What some PR firms aren’t telling their clients

Considering hiring a PR firm? The owner of a PR firm explore the topics you may want to explore before you strike an agreement.

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Last August, Lucy Siegel, CEO of Bridge Global Strategies, wrote an insightful post, “6 Things many PR firms won’t tell you.” Her post contains some excellent red flags to look for when considering a PR firm or consultant, including my personal favorite: PR people who fail to clue in clients with absurdly high expectations until after they’ve signed on.

But, as they say in the infomercial, there’s more! With a nod to Lucy, I’d like to share a longer list of those tricky matters that probably won’t be volunteered by the PR team, to the detriment of the relationship.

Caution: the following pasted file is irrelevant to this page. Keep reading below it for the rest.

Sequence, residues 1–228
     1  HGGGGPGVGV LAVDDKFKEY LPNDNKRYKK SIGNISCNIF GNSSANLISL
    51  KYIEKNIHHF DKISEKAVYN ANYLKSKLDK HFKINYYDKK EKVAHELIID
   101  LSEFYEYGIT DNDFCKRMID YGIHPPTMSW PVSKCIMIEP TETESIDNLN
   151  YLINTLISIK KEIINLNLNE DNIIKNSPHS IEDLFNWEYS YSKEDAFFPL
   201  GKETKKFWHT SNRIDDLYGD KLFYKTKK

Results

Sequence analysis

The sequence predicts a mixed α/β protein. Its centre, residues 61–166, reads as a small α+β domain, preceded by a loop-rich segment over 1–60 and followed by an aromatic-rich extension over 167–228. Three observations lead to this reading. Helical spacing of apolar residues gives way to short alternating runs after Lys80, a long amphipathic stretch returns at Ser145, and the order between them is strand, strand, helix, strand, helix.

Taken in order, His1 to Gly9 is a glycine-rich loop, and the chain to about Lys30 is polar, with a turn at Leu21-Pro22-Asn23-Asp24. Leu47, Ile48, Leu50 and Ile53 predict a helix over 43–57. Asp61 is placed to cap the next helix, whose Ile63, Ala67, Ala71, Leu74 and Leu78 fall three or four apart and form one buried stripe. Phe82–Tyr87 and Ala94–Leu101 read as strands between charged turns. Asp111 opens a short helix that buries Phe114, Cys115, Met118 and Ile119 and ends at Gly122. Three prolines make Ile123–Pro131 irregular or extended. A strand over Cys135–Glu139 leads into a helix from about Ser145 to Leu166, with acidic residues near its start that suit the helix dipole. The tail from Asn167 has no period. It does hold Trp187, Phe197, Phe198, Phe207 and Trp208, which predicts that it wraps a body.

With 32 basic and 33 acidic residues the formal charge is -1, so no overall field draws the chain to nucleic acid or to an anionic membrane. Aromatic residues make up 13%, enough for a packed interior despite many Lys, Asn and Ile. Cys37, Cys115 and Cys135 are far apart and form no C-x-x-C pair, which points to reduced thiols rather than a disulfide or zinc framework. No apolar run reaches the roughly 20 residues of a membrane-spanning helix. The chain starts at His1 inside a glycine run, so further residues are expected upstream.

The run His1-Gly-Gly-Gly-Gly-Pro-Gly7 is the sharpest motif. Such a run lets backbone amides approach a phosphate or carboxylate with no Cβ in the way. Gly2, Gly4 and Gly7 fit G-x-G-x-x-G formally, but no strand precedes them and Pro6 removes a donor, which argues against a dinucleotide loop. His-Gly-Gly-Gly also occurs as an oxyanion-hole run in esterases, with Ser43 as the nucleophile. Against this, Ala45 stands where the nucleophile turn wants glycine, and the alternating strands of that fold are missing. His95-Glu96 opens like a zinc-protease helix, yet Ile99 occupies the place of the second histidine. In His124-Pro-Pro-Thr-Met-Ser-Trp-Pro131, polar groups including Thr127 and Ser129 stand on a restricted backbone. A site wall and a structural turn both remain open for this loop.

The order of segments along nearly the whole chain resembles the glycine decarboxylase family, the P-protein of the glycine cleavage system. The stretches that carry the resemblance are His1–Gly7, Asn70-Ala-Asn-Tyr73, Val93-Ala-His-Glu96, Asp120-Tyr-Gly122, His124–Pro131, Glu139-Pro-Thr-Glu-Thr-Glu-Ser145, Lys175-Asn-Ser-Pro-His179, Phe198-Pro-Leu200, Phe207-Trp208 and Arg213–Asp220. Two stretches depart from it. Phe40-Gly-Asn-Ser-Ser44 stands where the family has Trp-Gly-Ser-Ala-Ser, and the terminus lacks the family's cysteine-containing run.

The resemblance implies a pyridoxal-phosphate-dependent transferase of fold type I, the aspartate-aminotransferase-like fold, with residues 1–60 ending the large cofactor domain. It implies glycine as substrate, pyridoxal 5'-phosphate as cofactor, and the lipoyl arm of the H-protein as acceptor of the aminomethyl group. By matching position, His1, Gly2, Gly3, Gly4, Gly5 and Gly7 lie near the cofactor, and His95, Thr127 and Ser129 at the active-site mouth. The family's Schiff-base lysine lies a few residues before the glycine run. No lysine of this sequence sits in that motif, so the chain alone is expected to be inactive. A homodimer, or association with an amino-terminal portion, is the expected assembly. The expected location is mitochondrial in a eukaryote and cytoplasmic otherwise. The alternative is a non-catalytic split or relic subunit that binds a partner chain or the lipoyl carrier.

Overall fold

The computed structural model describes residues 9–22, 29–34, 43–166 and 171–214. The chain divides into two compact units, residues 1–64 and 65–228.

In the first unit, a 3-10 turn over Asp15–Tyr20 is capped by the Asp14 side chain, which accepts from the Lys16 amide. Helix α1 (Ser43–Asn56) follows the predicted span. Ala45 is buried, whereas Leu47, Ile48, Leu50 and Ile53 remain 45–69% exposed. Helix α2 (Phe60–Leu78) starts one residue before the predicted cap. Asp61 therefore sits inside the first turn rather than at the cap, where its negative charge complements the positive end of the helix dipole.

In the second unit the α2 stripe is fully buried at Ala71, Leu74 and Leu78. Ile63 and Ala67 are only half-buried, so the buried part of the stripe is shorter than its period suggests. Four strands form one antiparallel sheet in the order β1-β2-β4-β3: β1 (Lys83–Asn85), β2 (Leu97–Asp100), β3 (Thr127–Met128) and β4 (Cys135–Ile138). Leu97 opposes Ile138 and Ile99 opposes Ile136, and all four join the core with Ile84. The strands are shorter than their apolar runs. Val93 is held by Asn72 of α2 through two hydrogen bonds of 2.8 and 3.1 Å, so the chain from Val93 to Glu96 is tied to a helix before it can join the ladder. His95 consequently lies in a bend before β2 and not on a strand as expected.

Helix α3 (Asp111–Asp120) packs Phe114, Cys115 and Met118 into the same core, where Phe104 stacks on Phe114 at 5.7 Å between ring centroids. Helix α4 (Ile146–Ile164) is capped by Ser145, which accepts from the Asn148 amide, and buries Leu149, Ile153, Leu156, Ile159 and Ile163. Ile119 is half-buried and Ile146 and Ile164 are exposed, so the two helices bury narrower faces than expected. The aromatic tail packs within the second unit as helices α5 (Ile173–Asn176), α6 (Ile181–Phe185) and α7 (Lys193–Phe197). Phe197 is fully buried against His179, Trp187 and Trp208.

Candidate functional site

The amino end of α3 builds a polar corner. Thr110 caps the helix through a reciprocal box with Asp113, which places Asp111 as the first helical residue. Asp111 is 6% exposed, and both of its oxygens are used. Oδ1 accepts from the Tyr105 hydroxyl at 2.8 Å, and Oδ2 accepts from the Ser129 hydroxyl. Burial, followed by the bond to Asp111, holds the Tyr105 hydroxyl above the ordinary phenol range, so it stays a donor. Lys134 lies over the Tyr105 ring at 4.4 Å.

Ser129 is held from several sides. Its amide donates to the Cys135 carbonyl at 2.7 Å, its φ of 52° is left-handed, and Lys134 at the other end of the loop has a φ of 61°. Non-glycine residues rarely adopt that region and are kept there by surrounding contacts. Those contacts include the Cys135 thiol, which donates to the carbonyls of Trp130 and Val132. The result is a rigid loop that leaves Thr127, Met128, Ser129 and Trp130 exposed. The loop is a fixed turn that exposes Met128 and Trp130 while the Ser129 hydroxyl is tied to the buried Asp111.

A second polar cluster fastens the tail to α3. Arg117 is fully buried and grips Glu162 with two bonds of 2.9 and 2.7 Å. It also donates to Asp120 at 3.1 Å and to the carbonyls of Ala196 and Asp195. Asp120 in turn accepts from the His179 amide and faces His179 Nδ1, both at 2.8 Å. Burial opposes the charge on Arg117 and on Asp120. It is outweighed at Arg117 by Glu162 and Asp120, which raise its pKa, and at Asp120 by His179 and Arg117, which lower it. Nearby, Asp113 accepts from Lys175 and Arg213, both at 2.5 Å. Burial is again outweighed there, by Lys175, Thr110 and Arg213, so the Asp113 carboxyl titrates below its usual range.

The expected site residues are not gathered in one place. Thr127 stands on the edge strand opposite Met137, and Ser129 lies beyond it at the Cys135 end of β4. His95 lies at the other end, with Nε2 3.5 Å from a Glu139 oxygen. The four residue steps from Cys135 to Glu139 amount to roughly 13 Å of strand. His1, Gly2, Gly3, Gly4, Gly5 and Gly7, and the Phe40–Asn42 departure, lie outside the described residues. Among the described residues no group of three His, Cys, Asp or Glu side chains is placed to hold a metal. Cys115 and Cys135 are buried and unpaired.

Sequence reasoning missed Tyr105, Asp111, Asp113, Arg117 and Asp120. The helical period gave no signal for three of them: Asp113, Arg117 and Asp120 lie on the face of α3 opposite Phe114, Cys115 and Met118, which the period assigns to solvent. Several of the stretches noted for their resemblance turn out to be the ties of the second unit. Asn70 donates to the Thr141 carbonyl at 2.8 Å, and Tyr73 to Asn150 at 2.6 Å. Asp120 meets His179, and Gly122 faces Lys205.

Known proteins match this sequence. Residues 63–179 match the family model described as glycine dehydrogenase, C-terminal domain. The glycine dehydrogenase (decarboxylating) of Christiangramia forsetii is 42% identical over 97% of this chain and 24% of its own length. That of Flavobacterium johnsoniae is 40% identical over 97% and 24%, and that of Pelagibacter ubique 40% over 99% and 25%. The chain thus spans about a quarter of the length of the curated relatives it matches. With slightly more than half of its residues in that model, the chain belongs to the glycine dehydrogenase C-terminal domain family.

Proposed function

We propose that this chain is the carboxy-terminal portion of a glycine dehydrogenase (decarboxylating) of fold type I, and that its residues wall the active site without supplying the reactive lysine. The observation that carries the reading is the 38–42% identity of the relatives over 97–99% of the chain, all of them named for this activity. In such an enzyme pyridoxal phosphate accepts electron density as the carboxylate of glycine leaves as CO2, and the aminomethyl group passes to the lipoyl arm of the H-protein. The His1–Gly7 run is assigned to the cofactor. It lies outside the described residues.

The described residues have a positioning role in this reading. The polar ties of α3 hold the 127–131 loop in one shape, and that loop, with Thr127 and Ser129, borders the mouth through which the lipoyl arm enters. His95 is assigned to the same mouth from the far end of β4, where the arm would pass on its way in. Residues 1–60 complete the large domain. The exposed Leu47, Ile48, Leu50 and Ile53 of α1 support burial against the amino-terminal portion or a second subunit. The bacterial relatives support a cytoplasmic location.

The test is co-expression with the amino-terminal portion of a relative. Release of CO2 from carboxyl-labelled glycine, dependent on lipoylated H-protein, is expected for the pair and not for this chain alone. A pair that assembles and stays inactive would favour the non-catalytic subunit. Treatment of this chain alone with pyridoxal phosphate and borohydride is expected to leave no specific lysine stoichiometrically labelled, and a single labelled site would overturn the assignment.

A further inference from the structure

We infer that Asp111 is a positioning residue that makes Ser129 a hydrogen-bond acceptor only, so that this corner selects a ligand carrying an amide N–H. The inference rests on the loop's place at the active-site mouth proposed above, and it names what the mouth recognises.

You’ll be passed on to junior staffers

Sad to say, because I’m convinced it’s a tactic among a minority of firms, but the old “pitch and switch” isn’t dead yet. Some firms are so layered that they can only make a profit by pushing the work down to the most junior level.

You’ll do well to get a commitment that the pitch team actually is the account team.

Their most relevant experience left six months ago

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